Derestricting web corpus building

Language scientists and developers need corpora, but licensing them (no, not the linguists) can be costly. Either they are too expensive, or there are heavy restrictions on making versions or using them for commercial purposes. Or they add a heavy administrative overhead for gaining permission from all parties involved. In an effort to make it easier to build up corpora from existing web resources, Björn Lindström in Uppsala has come up with a ‘Creative Commons for Corpus Consruction’ which basically collects and parses web pages to check the metadata to see if they have an appropriate Creative Commons license. He’s found that the amount of material on the web licensed under Creative Commons licenses is “more than enough to build a large corpus”. The next step is doing something interesting with the corpus.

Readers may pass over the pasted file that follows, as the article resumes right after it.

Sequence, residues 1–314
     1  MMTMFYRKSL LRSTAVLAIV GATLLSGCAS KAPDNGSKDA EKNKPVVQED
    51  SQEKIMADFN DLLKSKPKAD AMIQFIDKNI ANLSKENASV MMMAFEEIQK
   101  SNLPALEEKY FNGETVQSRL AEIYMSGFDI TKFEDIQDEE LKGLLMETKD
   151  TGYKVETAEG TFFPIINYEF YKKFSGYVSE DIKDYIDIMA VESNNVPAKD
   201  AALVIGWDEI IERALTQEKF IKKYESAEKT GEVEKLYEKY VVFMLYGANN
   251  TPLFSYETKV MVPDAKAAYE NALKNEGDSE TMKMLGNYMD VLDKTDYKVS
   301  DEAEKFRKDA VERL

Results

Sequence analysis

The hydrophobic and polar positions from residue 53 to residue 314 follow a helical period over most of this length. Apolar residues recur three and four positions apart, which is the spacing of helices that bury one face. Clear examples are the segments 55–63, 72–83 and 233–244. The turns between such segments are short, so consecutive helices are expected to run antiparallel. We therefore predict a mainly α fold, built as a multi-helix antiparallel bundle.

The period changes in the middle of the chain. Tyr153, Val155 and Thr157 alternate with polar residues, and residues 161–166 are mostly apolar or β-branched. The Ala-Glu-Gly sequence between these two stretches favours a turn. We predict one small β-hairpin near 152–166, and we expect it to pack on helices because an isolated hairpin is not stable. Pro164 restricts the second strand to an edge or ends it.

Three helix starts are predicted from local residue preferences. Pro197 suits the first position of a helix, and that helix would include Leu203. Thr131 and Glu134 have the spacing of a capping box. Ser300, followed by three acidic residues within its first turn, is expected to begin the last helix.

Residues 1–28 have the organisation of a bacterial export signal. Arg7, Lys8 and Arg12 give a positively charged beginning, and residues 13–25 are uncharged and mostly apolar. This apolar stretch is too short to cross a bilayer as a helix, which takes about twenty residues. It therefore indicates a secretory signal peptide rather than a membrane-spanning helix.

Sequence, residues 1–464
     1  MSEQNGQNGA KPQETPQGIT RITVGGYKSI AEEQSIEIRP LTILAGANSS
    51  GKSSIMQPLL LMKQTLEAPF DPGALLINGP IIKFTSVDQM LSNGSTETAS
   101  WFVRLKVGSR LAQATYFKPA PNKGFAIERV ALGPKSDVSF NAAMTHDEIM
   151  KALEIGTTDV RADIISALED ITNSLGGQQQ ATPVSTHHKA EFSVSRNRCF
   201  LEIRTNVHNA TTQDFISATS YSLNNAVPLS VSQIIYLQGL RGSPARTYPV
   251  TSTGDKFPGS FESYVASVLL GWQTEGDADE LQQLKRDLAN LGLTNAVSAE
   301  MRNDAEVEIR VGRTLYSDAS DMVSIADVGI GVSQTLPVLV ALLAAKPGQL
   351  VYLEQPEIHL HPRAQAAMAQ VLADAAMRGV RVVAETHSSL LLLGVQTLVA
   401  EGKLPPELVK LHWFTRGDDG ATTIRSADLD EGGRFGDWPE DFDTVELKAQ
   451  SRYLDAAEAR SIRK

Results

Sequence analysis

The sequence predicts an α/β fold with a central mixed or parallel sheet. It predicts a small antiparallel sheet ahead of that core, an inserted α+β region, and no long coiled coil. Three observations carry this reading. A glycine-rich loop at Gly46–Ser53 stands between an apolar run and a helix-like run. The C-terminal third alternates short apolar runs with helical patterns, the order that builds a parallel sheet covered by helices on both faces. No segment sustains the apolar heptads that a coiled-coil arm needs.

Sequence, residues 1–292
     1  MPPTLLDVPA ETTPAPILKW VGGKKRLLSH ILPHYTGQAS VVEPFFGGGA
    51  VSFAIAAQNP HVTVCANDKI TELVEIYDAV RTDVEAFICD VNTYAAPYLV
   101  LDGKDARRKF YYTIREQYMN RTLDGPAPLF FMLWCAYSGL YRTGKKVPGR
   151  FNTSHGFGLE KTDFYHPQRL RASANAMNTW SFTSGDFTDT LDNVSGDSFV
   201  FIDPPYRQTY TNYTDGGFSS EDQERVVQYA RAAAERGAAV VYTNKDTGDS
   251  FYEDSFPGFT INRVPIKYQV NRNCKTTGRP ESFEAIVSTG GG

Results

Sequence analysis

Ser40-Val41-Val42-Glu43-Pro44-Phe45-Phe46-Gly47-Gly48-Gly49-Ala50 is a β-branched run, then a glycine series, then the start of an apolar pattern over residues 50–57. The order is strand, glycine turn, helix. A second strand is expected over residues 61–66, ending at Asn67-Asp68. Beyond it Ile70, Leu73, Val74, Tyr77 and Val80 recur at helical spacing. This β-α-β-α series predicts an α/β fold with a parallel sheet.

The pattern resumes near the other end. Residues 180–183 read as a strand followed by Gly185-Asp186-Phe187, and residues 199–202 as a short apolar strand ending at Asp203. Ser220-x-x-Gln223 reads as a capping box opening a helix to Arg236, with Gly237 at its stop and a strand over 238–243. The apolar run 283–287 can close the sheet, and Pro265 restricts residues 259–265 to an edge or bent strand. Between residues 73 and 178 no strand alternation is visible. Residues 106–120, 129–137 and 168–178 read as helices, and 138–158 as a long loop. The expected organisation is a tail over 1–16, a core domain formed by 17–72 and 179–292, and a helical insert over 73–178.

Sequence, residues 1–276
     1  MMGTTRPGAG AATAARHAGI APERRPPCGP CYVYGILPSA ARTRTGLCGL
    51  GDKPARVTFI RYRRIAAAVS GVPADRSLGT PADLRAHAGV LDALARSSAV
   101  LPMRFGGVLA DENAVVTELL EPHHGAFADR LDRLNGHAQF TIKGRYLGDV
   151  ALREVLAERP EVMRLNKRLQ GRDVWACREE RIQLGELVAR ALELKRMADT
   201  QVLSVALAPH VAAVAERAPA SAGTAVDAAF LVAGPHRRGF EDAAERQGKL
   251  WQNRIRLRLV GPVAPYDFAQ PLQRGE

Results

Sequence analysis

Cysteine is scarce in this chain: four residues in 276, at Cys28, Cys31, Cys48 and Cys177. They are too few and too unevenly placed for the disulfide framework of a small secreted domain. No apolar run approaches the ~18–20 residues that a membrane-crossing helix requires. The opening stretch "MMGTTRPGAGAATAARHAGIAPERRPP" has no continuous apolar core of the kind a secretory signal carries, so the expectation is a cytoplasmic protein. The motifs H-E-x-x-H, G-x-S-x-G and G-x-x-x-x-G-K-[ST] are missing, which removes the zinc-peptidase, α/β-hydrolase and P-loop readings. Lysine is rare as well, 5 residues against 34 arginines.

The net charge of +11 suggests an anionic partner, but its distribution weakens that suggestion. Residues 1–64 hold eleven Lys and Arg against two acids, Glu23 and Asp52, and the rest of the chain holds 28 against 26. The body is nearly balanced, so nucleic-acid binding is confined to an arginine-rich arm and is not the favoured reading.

Andrew Joscelyne
European, a language technology industry watcher since Electric Word was first published, sometime journalist, consultant, market analyst and animateur of projects. Interested in technologies for augmenting human intellectual endeavour, multilingual méssage, the history of language machines, the future of translation, and the life of the digital mindset.

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